Low Temperature Geothermal Power  

Posted by Big Gav in , , , , , , , , , ,

The ABC recently had a report on plans to power north-west Queensland with low temperature geothermal power using hot water from the Great Artesian Basin.

A Brisbane-based company says it could supply geothermal power to all of north-west Queensland. Clean Energy Australasia wants to build a $50 million geothermal power station near Longreach. But it has now also revealed plans to build a pilot geothermal project near BHP's Cannington mine at McKinlay, south of Cloncurry. The company's Joe Reichman says the Mount Isa region needs about 500 megawatts of power a year and geothermal resources could easily provide that. "It'll change the region into a powerhouse," he said. Mr Reichman says the company has applied for federal and state government grants and has support from the major mining companies in the region. If the projects proceed they would be the first geothermal power plants in Australia.

Low temperature geothermal power is a relatively new (and very low profile) form of extracting energy from geothermal sources that provides yet another option for meeting our energy needs cleanly and sustainably.

Low Temperature Geothermal Power

When geothermal power is mentioned, people usually think of traditional high temperature geothermal power stations using water from volcanic areas, such as those found in Iceland, New Zealand, the US and elsewhere around the ring of fire.

More recently, interest in enhanced / engineered geothermal systems (EGS) - also known as hot dry rock (HDR) or hot fractured rock (HFR) geothermal power - has been high, with a number of experimental projects underway in Australia and Europe.

Low temperature geothermal power is also starting to attract significant interest, as lower temperature water resources are common in many countries (for example, waste hot water produced by oil and gas wells - in Texas alone, more than 12 billon barrels are produced, with oil companies usually re-injecting the waste water into the earth) and new technologies are beginning to appear that allow these resources to be developed commercially.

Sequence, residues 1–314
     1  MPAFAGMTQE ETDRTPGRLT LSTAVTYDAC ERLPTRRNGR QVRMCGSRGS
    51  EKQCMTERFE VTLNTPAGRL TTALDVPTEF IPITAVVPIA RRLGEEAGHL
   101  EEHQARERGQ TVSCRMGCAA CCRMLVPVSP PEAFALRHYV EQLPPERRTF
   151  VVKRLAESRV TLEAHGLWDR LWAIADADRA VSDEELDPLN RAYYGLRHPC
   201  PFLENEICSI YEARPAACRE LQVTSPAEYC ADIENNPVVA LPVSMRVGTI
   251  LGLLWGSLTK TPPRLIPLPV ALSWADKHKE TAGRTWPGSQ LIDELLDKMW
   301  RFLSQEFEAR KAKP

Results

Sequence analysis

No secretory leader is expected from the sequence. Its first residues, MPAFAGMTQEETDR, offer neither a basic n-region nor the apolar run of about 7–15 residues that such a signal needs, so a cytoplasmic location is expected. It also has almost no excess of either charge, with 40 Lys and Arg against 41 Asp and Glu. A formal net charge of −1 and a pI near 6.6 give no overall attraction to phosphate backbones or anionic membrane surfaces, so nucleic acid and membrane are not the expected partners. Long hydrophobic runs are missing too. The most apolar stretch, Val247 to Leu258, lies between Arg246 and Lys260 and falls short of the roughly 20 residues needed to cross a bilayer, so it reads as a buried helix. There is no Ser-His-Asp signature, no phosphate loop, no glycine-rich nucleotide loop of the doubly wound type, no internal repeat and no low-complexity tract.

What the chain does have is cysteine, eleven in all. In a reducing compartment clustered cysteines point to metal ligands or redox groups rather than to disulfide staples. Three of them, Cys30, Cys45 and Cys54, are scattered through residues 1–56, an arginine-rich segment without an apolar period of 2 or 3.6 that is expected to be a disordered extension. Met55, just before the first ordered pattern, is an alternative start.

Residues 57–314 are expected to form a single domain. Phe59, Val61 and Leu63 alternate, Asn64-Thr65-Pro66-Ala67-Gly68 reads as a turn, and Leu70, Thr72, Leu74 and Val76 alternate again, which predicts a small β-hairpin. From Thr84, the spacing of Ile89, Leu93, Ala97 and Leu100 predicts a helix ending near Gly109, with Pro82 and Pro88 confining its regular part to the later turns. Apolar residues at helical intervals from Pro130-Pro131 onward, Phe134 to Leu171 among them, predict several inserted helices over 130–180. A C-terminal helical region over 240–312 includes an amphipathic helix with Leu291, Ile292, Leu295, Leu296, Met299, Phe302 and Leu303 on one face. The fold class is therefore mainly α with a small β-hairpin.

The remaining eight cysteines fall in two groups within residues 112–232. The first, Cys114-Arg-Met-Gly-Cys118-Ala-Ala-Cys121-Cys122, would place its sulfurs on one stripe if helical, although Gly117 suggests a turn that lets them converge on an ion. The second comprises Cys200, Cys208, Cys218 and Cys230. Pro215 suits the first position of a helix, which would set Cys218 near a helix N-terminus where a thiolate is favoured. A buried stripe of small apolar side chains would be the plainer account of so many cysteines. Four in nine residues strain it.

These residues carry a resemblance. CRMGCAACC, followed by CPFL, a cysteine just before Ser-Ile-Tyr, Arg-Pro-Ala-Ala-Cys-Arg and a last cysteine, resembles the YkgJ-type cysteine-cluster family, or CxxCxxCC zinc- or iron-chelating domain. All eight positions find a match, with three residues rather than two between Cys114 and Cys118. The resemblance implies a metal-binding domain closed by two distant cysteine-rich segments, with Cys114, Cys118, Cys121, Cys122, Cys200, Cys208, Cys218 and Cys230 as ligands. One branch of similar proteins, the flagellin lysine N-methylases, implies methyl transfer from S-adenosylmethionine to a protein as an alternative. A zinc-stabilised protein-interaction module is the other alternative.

UTC Power has developed a low-cost Rankine cycle system that can convert temperatures as low as 195 °F (91 °C) into electricity. The technology is similar to a steam engine, with steam or hot water vaporizes a hydrofluorocarbon refrigerant that drives the turbine (it has been compared to a "refrigerator compressor running backwards").

Geothermal Power In The Great Artesian Basin

The Great Artesian Basin provides the only reliable source of water through much of inland Australia. The basin is the largest and deepest artesian basin in the world, covering a total of 1,711,000 square km. It underlies 23% of the continent, including most of Queensland, the south-east corner of the Northern Territory, the north-east part of South Australia, and northern New South Wales. The basin is 3000 metres (10,000 ft) deep in places and is estimated to contain 64,900 cubic kilometres of groundwater.

Most recharge water enters the rock formations from relatively high ground near the eastern edge of the basin (in Queensland and New South Wales) and very gradually flows towards the south and west. Because the sandstones are permeable, water gradually makes its way through the pores between the sand grains, flowing at a rate of one to five metres per year. Discharge water eventually exits through a number of springs and seeps, mostly in the southern part of the basin. It takes up to two million years for water to travel to the springs in the Lake Eyre area.